Other sources, however, identify the deror as the sparrow, passer in Latin, and pasra in Old Spanish (Radak on Psalms 84:4; Tifereth Yisrael, Negaim 14:4).
The Talmud apparently identifies the deror with a bird known as the senunith (Chullin 62a; Ramban; cf. Tosafoth Chullin 139b, s.v. Ta Sh'ma; Nekudoth HaKesef, Yoreh Deah 82:7). The Talmud notes that only the white-breasted varieties of this bird are kosher, while the all black ones are not (Chullin 62a; cf. Rashba, Torath HaBayith 65a).
The Targum identifies the senunith with the agur in Jeremiah 8:7, which some also identify as the swallow (Rashi, Radak ad. loc.), rondenella in Italian (Radak, Sherashim). Others, however, identify the senunith as a species of jay, gayo in Spanish, gayt in Old Spanish (Radak, loc. cit.). These were birds of the glandualia family, glondrina in Old Spanish (Beth Yosef, Yoreh Deah 82); hadolo nadrina in Provincial (Rabbenu Yerocham, Toledoth Adam VeChavah 15:21, 132b). As the Talmud notes, the jay is a bird closely related to the crow, but more colorful. To some degree, it can mimic human speech (cf. Radak, loc. cit.).
The piece must be at least one cubit (18') long and one-fourth the cross section of a bedpost (Negaim 14:6; Yad, Tumath Tzaraath 11:1). Some say that the piece was the size of a hatchet handle (Raavad on Sifra). It appears that a bedpost in those times had approximately the same diameter as an egg (cf. Betza 3b).
See Exodus 25:4. This consisted of combed out unspun wool (Rashi; Bertenoro, Tosefoth Yom Tov on Negaim 14:1). According to tradition, one shekel (0.8 oz.) of wool would be used (Yoma 42a; Yad, Tumath Tzaraath 11:1).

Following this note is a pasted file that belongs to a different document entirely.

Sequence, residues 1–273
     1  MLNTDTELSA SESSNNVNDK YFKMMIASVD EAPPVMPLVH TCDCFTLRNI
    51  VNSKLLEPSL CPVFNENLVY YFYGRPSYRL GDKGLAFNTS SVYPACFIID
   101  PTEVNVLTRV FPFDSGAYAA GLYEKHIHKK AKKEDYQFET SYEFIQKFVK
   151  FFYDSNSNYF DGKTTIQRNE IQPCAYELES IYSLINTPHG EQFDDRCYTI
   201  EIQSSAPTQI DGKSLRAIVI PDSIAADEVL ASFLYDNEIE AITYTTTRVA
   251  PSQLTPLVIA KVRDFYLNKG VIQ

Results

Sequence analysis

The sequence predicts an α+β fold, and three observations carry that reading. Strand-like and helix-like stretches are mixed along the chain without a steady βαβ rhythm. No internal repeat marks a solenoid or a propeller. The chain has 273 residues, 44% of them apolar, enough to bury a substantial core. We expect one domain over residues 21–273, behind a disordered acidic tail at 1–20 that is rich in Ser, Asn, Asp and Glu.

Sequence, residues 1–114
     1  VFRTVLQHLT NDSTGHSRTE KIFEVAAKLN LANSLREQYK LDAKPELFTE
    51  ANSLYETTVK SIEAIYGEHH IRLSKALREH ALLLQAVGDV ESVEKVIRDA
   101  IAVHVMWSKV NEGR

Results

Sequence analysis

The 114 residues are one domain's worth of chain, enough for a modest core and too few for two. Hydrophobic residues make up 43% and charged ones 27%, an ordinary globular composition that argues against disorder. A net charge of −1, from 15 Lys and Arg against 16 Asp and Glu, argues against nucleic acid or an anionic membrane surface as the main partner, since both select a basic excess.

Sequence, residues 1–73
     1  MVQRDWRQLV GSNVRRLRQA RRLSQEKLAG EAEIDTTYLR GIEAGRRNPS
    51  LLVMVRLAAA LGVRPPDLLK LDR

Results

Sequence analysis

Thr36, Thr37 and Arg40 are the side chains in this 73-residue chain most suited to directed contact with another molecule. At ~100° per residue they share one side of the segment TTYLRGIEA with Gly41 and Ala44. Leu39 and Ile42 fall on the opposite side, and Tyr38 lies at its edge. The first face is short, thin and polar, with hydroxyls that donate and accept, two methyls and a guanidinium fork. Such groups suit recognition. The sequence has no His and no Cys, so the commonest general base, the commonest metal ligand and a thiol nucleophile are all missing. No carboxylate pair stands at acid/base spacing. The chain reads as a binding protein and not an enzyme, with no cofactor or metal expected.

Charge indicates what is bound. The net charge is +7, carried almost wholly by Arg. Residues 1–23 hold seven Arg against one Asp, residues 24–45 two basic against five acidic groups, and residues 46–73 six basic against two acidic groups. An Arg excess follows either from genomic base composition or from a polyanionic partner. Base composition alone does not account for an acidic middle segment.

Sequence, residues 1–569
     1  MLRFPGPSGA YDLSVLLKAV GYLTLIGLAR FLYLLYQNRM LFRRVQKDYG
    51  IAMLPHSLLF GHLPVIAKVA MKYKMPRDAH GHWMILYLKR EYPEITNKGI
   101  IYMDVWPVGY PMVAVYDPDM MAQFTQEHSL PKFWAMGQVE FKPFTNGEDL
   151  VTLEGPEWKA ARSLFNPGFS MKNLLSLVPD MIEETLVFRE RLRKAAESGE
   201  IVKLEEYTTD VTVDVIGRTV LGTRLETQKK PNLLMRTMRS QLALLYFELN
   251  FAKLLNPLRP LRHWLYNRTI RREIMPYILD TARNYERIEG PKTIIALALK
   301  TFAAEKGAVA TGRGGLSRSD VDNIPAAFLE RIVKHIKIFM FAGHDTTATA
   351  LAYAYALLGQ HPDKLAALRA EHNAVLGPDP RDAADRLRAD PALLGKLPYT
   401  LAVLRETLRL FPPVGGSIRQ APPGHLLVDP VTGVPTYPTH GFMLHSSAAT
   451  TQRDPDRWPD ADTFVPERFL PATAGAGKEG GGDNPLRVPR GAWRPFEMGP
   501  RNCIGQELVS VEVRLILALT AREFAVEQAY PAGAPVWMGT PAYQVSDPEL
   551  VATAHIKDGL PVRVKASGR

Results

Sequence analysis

See Exodus 12:22. The branch would have to be at least a handbreadth (3') long (Niddah 26a; Yad, loc. cit.) See Numbers 19:6.
The slaughtered bird is then buried (Negaim 14:1; Yad, Tumath Tzaraath 11:1).
Mayim chaim in Hebrew, literally, 'living water.' There must be a revi'ith (¼ log or 2½ ounces) of water in the bowl (Ibid.)
It must be new (Ibid.).
The cedar and the hyssop are tied together with the end of the crimson skein of wool (Ibid.; cf. Tifereth Yisrael, Negaim 14:11). Some say that this must be prepared before the first bird is slaughtered (Rashi).
|on the person|
On the back of his hand (Negaim, Yad, loc. cit.). Some say that it is sprinkled on his forehead (Negaim 14:1; Sifra).
(Yad, Tumath Tzaraath 11:1, 3; cf. Tosefta, Negaim 8:6, HaGra ad loc. 12).
See Exodus 29:4. Literally, 'with the water.'
|outside his tent|
That is, he may not be intimate with his wife (Sifra; Negaim 14:2; Yad, Tumath Tzaraath 11:1). During this period, too, he renders unclean anything with which he comes in contact (Yad 11:2).
Approximately 6 quarts. This is one-tenth for each animal.
|mixed with oil|
See Leviticus 2:1.
Approximately 10 ounces.
|Communion Tent entrance|
But the leper still may not enter the sanctuary grounds, and must remain outside (Rashi; Yad, Mechuserey Kapparah 4:2).
Asham. See Leviticus 7:1-7.
See Exodus 29:24.
To the north of the altar; see Leviticus 1:11, 4:33, 6:18, 7:2.
|right ear lobe...|
See Leviticus 8:23.
The rest of the oil could be used by the priests (Yad, Mechuserey Kapparah 4:2, 3).
(Sifra; Negaim 14:10; Yad, Mechuserey Kapparah 4:2).